The Tower



Index of Previous Features


My Favorite Stories

News Pix

Contact Jim Slade

Sun-N-Fun--An Annual Pilgrimage

by Harry Francis

Editor's Note: Harry Francis, of Elliston, VA, has been around airplanes most of his adult life. In fact, one would have to believe that aviation and its people take center stage after his family, so it's no surprise to learn that Mr. Francis gets down to Lakeland, Florida for the big show every year. But there's even more to it than that: Harry's aviation roots live just down the road from Lakeland..and he always stops to pay his respects. Read on.

Bartow Flight Line, 1954.

I joined the USAF right out of high school, in February, 1953, and was was sent to Lackland AFB for Basic training. During Basic, I applied for Aviation Cadet training.

After successfully completing the written knowledge tests, I appeared before a Board of Officers for the "dreaded" Interview. The head officer, a Major, asked me just why did I want to be a Pilot? With enthusiasm, I answered: "Sir, my older brother is a USAF pilot, and two of my uncles were pilots in WW2. I am sure the USAF will shortly be in space. I want to be a part of that program."

The Major seemed shocked, looked right and left at his fellow Board members, and said: "thank you Cadet Francis, you are excused".

As I left, I thought to myself: 'BOY, you sure Blew that one!'

But, in fact, I was accepted into the Pilot Training Program and assigned temporary duty, awaiting class assignment to James Connelly AFB, Waco, Texas. There, I worked on the flight line servicing B-25s. I later accepted an indoor job as Pre-Cadet Sqdn. Administrative Clerk, and actually processed the orders assigning me to Aviation Cadet Class 55-H.

After Pre-flight classes back at Lackland AFB, San Antonio, our class was assigned to the Primary Flight School at Bartow AFB, Florida, where we would take our initial flight training.

First we would learn to fly in the PA-18 Super Cub, a special USAF version with a 102 hp Lycoming engine and no flaps. We were trained at Gilbert Field, Winter Haven, Florida; being bused back and forth to Bartow each day. I soloed the PA-18 on March 17, 1954, following instruction by Mr. Joe H. Dunnaway.

After completing 25 hours in the light plane, we then were transfered to the T6G at Bartow. WOW, what a change that was; from simple instruments to a whole panel full of gadgets and a long checklist to learn, retractable gear, and lots of Horsepower!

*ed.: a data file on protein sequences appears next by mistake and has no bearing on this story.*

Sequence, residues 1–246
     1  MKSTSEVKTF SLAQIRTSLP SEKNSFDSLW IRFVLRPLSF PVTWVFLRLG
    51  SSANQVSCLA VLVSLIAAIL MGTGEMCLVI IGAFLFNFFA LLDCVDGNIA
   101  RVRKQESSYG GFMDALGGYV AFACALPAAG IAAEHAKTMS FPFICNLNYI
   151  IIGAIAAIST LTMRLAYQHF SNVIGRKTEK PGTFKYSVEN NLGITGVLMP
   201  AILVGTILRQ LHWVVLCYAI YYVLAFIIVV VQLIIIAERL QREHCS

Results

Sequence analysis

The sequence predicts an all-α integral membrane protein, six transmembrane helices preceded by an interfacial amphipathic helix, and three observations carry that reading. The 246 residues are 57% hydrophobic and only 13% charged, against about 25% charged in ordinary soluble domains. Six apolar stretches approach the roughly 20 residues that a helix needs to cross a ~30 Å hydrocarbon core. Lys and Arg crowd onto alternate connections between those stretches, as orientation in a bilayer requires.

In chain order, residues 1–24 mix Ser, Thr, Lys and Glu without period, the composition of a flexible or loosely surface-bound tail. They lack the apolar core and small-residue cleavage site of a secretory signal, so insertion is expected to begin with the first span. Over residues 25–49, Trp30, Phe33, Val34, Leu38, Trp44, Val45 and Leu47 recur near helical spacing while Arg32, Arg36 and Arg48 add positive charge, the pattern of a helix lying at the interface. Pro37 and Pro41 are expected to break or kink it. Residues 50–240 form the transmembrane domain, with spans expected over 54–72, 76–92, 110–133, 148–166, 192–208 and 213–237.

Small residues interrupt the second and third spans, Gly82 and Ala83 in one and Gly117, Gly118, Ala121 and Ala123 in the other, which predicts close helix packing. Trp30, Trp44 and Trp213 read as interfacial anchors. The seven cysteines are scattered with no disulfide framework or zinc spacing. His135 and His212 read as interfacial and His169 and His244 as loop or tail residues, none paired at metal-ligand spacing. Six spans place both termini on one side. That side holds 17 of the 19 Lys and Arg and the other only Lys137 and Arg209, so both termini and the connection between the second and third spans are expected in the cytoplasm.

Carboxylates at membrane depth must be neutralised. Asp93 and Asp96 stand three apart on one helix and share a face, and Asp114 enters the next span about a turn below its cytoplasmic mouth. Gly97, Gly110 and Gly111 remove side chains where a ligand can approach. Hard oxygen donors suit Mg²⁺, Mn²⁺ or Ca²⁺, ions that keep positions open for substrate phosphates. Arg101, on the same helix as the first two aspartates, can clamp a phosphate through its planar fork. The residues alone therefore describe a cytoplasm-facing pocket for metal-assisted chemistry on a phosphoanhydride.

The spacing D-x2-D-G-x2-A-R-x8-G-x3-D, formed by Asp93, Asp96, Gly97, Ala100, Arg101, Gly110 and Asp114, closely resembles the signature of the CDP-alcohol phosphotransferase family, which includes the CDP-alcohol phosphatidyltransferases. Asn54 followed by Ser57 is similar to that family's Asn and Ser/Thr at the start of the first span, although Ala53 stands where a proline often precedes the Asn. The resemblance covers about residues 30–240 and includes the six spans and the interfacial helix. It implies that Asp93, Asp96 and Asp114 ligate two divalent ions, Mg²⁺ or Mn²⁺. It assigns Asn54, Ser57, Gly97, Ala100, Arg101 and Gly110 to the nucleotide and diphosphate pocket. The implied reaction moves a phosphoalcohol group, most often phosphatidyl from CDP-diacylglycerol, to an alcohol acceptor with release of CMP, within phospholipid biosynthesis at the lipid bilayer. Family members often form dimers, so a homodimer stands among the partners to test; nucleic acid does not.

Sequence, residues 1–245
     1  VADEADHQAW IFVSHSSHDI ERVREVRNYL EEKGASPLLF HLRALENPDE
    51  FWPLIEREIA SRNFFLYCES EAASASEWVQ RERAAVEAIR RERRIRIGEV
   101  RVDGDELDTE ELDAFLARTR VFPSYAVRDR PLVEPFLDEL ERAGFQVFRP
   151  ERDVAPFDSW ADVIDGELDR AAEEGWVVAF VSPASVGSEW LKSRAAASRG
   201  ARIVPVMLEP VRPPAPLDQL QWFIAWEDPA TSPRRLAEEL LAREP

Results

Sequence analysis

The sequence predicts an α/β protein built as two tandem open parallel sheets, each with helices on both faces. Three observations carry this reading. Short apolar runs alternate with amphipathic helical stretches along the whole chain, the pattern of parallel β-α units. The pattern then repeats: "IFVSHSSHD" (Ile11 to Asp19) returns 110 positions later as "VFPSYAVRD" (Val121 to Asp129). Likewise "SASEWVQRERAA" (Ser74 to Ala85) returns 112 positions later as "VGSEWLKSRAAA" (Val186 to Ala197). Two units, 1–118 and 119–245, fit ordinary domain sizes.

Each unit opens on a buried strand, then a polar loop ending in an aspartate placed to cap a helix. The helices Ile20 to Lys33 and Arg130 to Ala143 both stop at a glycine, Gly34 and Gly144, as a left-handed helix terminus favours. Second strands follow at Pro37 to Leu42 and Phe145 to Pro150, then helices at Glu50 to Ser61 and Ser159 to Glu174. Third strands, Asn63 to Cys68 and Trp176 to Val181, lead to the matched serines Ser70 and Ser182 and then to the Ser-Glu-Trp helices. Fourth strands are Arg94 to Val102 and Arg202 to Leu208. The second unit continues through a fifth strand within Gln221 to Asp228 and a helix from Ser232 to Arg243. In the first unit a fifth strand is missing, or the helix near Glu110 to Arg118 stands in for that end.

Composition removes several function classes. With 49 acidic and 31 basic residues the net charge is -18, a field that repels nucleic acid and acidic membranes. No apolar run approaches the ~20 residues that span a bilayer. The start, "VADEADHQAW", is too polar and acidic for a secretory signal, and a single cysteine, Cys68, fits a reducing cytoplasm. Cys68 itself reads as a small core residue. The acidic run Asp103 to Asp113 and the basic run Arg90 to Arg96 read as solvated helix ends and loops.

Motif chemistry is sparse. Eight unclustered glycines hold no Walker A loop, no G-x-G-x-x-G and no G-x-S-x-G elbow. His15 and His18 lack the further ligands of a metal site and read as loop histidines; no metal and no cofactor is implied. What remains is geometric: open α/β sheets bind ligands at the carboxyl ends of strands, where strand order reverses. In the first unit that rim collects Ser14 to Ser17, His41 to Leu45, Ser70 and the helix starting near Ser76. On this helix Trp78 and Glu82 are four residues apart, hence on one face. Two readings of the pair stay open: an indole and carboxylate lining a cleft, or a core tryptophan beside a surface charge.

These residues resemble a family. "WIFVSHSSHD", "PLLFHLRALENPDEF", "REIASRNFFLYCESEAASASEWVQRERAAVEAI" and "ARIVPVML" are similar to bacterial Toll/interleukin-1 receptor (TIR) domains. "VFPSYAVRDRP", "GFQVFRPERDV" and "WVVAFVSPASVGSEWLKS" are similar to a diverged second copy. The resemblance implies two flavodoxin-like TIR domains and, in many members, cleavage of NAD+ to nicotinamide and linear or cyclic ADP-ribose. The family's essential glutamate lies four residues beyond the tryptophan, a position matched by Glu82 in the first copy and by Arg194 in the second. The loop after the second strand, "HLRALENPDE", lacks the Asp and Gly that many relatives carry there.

BUT what great fun! Aileron rolls, slow rolls, snap rolls, spins, immelelman turns, instrument flying, etc, etc, etc. What a great challange and what great fun for a 22 year old!

I soloed the T6G almost exactly one month later, on April 23, 1954. My Instructor was Mr. Harvey McRoberts. He flew P-47s in the Pacific campaign, and taught us the manuvers necessary to get the enemy off one's tail: steep turns followed by a half snap roll. BOY, what a ride!

So, you see, every year I get to go to Sun-n-Fun, I make a pilgrimage to both Gilbert Field and to Bartow.

Gilbert field is now a very active GA airport with lots of airplanes. Back in 1954, we were about their only business other than crop dusters, but Bartow is now a major mid-Florida Airfield and Industrial Park.

I find it interesting to visit both places, bringing back old memories; but also find it sad to see new building and open spaces where once there were barracks and military buildings from the 1940s and 1950s.

The main hanger at Gilbert Field, where we immersed newly-soloed pilots in a garbage can (no pool available) :), is still there. At Bartow, the control tower, where Ms. Kate gave us clearances over the radio, is one of the few remaining structures...along with the present flight offices which were (also) used in 1954. Inside the main office is a Memorial Wall for WW2 and Korean- Era student pilots. Reviewing the log of visitors brings back lots of memories, all good.

Control Tower Katey and helper, 1954.

The control tower today.

LIttle Buddie (now called Bud), who helped refuel aircraft in 1954, is still there, helping visiting and local pilots with their fueling needs, etc...still cheerful and helpful as he was in 1954!

So you see, every year Sun - n - Fun is a historical trip for me. The long-ago memories flood through my thoughts and bring tears to my the JOY of still being able to Fly.

Gung-ho pilot Francis, 1954

Harry L. Francis
Elliston, VA.
1946 Ercoupe 415 D

Return to Home Page.

Home Calendar Index of Previous Features Links My Favorite Stories News Pix Contact Jim Slade

Copyrights to all material on this site owned by Jim Slade, with the exception of individual works where the writer or photographer retains the copyright. Such work is used with permission of the owner.